“Justice delayed is justice denied”.
Or so it has been repeatedly said.
All the same, a decision to postpone jury trials in Clark County courts makes good sense in terms of what is going on with local virus infection and hospitalization rates. See, The Columbian, “Clark County Court Suspends Jury Trials due to COVID-19 Spike”, January 7, 2022.
The omicron variant coupled with holiday get-togethers have significantly impacted the rate of COVID-19 infections. The saga is ongoing, including in Clark County.
Per another front page Columbian newspaper article also published on January 7, 2022, the number of persons in Clark County still in their isolation period with COVID-19 has doubled to 3,294 this week up from 1,601 last week. From other headlines and news sources, this is going on in Portland, around our nation, and in much of the rest of the world.
And although the omicron variant is reportedly less lethal than its immediate predecessor (the Delta variant), this form of virus does continue to kill, and not just old and “already sick” people. According to an article in the January 7, 2022 Columbian newspaper, of the 11 new deaths attributed to COVID-19 reported the previous week in Clark County, one man was in his 30s, one woman was in her 50s, five men were in their 60s, three men were in their 70s, and one person was older than 80. The article doesn't list which if any of those were “breakthrough” cases, versus unvaccinated people. But we know from earlier local news stories that deaths are occasionally occurring with vaccinated folks too, albeit thankfully, only infrequently.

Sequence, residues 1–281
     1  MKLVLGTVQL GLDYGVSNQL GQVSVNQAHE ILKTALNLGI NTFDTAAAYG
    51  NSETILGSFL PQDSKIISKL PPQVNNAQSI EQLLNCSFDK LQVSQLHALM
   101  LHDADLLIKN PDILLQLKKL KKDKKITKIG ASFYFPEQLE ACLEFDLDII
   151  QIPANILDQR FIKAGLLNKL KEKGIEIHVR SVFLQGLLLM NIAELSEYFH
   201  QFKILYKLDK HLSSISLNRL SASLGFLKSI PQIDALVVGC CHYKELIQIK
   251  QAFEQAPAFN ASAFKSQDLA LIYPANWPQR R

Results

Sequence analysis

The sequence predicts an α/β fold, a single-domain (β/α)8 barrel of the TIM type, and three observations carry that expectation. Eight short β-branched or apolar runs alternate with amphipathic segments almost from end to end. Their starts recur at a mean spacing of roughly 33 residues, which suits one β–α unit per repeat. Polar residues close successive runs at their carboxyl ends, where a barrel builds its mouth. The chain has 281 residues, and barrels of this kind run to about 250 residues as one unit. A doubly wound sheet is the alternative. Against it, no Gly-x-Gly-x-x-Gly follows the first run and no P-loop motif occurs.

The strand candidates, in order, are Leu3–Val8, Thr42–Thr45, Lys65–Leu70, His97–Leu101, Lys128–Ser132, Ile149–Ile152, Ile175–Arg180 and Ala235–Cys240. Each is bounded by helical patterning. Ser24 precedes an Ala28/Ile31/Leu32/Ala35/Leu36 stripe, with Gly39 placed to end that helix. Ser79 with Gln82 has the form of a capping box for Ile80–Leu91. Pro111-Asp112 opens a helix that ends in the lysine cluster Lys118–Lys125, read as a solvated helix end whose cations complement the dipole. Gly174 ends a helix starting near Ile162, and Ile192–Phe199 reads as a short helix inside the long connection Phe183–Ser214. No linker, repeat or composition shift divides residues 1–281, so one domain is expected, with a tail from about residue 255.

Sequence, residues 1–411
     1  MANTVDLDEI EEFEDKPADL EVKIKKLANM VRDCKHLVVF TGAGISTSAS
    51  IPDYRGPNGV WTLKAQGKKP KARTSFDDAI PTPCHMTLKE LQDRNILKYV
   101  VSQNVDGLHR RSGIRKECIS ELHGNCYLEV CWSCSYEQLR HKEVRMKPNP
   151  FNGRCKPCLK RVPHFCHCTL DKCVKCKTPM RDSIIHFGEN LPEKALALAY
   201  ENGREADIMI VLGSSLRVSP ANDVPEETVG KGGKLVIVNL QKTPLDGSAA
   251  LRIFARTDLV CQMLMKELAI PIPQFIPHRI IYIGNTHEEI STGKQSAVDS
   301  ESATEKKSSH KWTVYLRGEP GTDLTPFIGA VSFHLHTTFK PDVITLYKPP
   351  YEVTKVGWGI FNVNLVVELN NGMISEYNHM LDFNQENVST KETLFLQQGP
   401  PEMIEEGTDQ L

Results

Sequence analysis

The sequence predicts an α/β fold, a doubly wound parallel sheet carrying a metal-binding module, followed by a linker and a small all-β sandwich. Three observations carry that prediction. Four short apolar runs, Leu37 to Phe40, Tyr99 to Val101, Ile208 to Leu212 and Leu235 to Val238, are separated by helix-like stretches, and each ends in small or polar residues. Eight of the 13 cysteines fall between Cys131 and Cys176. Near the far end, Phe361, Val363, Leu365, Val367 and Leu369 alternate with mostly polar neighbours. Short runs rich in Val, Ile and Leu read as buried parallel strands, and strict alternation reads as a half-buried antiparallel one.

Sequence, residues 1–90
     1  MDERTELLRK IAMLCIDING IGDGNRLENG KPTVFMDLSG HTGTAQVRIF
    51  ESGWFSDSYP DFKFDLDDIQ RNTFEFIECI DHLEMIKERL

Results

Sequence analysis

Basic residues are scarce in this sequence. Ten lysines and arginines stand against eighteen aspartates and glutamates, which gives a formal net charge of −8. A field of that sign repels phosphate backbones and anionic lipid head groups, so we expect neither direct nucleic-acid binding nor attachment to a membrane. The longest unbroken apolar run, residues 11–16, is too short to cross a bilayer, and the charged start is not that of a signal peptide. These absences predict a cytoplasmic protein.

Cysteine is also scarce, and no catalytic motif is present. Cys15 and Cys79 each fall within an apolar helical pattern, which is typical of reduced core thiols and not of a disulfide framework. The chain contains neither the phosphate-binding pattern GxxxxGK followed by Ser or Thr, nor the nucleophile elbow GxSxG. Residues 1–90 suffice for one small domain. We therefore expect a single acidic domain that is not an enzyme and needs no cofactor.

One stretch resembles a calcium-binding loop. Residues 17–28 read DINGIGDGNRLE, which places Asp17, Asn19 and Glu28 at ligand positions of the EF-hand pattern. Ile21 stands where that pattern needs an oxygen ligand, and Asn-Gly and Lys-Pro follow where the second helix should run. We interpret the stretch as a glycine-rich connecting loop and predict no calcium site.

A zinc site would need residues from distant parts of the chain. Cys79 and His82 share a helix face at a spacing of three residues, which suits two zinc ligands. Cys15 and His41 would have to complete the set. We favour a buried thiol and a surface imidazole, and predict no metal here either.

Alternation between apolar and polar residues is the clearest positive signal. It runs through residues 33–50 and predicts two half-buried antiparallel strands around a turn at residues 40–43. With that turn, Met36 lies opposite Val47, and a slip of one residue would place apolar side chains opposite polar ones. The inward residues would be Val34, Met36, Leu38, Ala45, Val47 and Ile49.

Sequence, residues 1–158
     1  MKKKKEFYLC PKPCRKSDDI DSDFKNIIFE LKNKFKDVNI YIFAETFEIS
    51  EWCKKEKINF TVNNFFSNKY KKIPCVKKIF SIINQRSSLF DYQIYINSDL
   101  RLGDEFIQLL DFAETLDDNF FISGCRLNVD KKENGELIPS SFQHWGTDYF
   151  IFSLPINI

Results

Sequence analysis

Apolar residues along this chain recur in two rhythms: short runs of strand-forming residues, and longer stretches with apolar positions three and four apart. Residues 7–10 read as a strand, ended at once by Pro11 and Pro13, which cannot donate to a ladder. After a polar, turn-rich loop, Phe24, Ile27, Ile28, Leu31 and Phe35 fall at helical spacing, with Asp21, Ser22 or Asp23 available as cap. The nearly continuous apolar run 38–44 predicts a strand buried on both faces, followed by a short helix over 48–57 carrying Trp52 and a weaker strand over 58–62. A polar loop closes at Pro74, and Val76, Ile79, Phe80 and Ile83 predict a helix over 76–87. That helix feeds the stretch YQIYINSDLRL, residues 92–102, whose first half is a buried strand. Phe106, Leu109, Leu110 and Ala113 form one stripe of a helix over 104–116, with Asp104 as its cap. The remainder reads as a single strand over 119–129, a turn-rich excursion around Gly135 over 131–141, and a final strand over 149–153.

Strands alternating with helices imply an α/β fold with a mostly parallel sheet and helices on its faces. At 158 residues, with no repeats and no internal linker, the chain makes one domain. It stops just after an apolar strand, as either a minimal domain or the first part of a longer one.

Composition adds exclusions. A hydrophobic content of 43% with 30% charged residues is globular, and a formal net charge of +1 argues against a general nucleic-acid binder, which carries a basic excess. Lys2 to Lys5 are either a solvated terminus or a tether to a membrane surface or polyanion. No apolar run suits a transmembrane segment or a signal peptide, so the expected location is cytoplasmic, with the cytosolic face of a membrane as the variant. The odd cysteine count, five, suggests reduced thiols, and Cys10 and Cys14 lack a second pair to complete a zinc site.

The pressure on our healthcare system remains a concern, too, more than two years into the COVID-19 pandemic. Local hospitals, for example, already at 90% of capacity, are expected to come under strain immediately, post-holidays.
So it doesn't surprise me that the courts are again temporarily shutting down jury trials – at least until we get past this post-holiday surge.
Hopefully these worsening statistics will level off in a month or two and then ease back. If I understand it correctly, that's what omicron did in South Africa, where it was first identified, before landing here in the United States.
In any event, prudence on the part of our local judges in the governance of our Clark County courts over the next few weeks is wise. We can all get back to the job of seeking justice when it is again safer for jurors, judges, litigants, and counsel, to do so.
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